Last summer, I went bouldering for the first time. It was my partner’s birthday, and he wanted me to try it out since he’d started earlier that year and really enjoyed it. We went to First Ascent Humboldt Park, which is in our neighborhood. I was skeptical. After all, I wasn’t particularly strong and didn’t like heights. I could see a glimmer of appeal after our first session together, but it took me a few more visits before I had this eureka moment.
Even though the heights continued (and still continue!) to challenge me, getting on the wall helped to get me out of my head. This is a big deal for me, as I struggle from generalized anxiety disorder (and comorbid depression) and can at times be paralyzed by what’s going on in my mind. Finding out that climbing was an opportunity for reprieve felt pretty revolutionary once I recognized what was happening.
Anxiety is something I’ve dealt with for as long as I can remember, and it impacts just about every experience in my life. I’m not alone either, as it’s estimated roughly 18% of the U.S. population experiences anxiety disorders. In my experience, it has made simple things like interacting with other people or even going outside difficult and sometimes straight-up impossible. For a long time growing up, I just assumed that this was how everyone felt. Thanks so the support of friends over the years (shout-out to my roommate Ben who walked me to my first counseling session in college!), I’ve learned that there are other ways of experiencing life and that I can work to calm my mind. For me, this work comes in the form of cognitive-behavioral therapy, mindfulness meditation, and learning to be kinder and more patient with myself. It’s meant retraining my inner dialogue and challenging long-held belief systems.
One component that’s been absent – and which many folks cite as being helpful with mental illnesses like anxiety and depression – is exercise. Since adolescence, I haven’t had the most healthy relationship with physical activity. The inner perfectionist made activities exhausting and turned everything into a chore. A product of my environment, it also often functioned in tandem with less-than-healthy behaviors and attitudes surrounding food and body image. Climbing has been the first physical activity that I’ve done since I was a kid that I really enjoyed, and which hasn’t triggered an unhealthy mindset.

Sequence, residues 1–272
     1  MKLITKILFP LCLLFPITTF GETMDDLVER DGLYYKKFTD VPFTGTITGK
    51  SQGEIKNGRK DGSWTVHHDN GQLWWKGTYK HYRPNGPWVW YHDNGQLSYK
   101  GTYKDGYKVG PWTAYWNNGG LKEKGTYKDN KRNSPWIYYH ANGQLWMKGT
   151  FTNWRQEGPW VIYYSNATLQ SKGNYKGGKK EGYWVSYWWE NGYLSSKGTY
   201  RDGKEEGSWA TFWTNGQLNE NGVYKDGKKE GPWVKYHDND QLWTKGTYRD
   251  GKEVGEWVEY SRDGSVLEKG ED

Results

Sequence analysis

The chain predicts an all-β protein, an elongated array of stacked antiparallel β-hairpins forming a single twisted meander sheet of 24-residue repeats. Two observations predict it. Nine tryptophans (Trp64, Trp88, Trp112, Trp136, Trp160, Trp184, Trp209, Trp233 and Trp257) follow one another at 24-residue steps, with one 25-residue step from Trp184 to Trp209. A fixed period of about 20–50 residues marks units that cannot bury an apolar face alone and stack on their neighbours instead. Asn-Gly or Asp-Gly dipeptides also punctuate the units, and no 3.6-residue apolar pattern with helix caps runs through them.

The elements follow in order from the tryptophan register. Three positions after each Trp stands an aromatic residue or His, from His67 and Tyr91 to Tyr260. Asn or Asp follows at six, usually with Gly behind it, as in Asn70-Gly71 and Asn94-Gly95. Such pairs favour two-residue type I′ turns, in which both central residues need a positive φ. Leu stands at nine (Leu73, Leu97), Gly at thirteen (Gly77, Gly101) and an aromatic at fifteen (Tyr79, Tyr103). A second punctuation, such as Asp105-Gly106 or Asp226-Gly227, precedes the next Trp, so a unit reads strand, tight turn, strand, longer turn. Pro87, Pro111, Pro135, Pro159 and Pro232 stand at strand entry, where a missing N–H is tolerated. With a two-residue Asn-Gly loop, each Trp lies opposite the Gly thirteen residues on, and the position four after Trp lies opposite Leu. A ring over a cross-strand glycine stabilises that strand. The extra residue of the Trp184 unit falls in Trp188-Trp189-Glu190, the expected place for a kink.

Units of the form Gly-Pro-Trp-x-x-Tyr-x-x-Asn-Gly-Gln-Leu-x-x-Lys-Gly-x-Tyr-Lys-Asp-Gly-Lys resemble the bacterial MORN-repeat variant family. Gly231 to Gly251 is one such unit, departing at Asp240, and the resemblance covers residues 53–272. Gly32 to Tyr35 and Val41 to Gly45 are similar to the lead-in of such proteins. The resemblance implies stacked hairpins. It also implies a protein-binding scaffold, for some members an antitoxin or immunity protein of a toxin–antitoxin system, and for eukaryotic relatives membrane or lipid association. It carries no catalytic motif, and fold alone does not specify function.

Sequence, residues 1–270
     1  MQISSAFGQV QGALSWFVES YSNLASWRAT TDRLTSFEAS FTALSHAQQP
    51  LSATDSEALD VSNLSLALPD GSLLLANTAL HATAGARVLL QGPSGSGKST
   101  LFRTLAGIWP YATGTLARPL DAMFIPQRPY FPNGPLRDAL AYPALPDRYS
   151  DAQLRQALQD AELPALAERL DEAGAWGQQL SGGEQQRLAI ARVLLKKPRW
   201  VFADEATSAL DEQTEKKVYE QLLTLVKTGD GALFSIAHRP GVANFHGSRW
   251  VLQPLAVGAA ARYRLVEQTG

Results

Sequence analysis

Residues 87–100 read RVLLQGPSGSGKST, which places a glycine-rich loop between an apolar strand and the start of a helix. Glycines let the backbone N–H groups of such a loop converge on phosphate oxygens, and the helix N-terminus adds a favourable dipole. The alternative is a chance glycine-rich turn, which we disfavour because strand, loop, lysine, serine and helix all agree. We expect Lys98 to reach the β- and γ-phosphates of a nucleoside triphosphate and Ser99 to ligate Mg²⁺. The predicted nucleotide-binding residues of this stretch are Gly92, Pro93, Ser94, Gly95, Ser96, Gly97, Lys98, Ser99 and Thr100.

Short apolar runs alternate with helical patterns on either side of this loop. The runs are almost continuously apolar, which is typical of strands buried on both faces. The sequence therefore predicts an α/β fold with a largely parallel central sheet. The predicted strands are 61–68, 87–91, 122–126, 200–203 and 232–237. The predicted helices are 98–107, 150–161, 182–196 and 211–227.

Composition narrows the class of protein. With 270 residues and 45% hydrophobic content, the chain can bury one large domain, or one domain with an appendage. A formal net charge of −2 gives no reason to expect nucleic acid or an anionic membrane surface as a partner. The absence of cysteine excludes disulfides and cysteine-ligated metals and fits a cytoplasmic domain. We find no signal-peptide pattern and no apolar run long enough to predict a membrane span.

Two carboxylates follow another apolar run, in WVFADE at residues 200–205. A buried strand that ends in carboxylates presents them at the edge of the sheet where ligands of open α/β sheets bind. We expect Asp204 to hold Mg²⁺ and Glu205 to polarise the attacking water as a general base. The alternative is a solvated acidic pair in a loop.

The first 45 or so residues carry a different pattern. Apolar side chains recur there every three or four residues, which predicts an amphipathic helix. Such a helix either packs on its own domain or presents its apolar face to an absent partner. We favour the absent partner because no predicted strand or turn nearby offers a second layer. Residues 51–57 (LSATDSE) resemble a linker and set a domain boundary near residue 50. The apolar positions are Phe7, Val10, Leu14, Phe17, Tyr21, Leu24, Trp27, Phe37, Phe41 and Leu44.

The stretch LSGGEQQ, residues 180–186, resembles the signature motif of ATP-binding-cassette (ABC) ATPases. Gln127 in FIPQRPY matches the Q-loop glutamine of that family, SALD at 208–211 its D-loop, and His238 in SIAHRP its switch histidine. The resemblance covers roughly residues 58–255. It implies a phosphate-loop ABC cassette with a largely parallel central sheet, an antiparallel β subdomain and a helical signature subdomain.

Bouldering has provided the healthy and fun exercise outlet I never knew I could have! It surprised me when I first started how social it is, which was a little intimidating at first. Now, this is a huge appeal to me. It’s a great opportunity to hang out with friends and meet some new folks. It’s fun discussing strategy and taking turns trying tricky sections of problems. The sense of community at First Ascent is so refreshing.
It also necessitates that I focus on the task at hand. Planning my path up the wall forces me to slow down, be patient, and reflect on what I’m about to attempt. I have to be fully present and engage my body in ways I never have before. When I don’t finish a problem, I have an opportunity to reframe the natural “you failed” inner dialogue with “what can I try next?” I’ve learned to embrace incremental progress. The first time I topped out I was so pumped! The same happened with my first V2, V3, and V4. And each one of these successes was based on trying, learning, and growing.
Climbing has made me so much stronger, both physically and mentally. I’m trying problems now that I never would have imagined attempting a few months ago. Sessions are now often limited by raw hands (or hunger!) rather than tired muscles. I feel different, and I know that confidence has come from this. I still have many moments of doubt and anxiety, but these are tempered with feelings of pride. I’m actually able to do some physical things that are a challenge! It’s even prompted me to share in a public way my experiences with mental illness, something for which I’ve often felt shame. Stigma be damned!
This spring, I struggled to effectively manage my anxiety in the face of grad school, full-time work, and an unexpected move. A predictable and prolonged period of depression followed. Even in the midst of this, I found the motivation to go to the gym and climb, and I never regretted it. It was such a welcome break, spending some time with friends even if it was hard to be social, getting my body moving, and shifting my focus away from me and to the wall. And it helped me to keep pushing forward until the fog finally lifted.
I’m thankful to have been introduced to this sport, and I honestly never expected it to have the impact that it has. It hasn’t cured me of my anxiety and depression, nor do I expect it to. Rather, it’s one more tool in my toolkit to help me manage symptoms and learn new ways of experiencing the world.
Shelby Silvernell is a Chicago-based imaging and museum specialist, photographer, and FA member.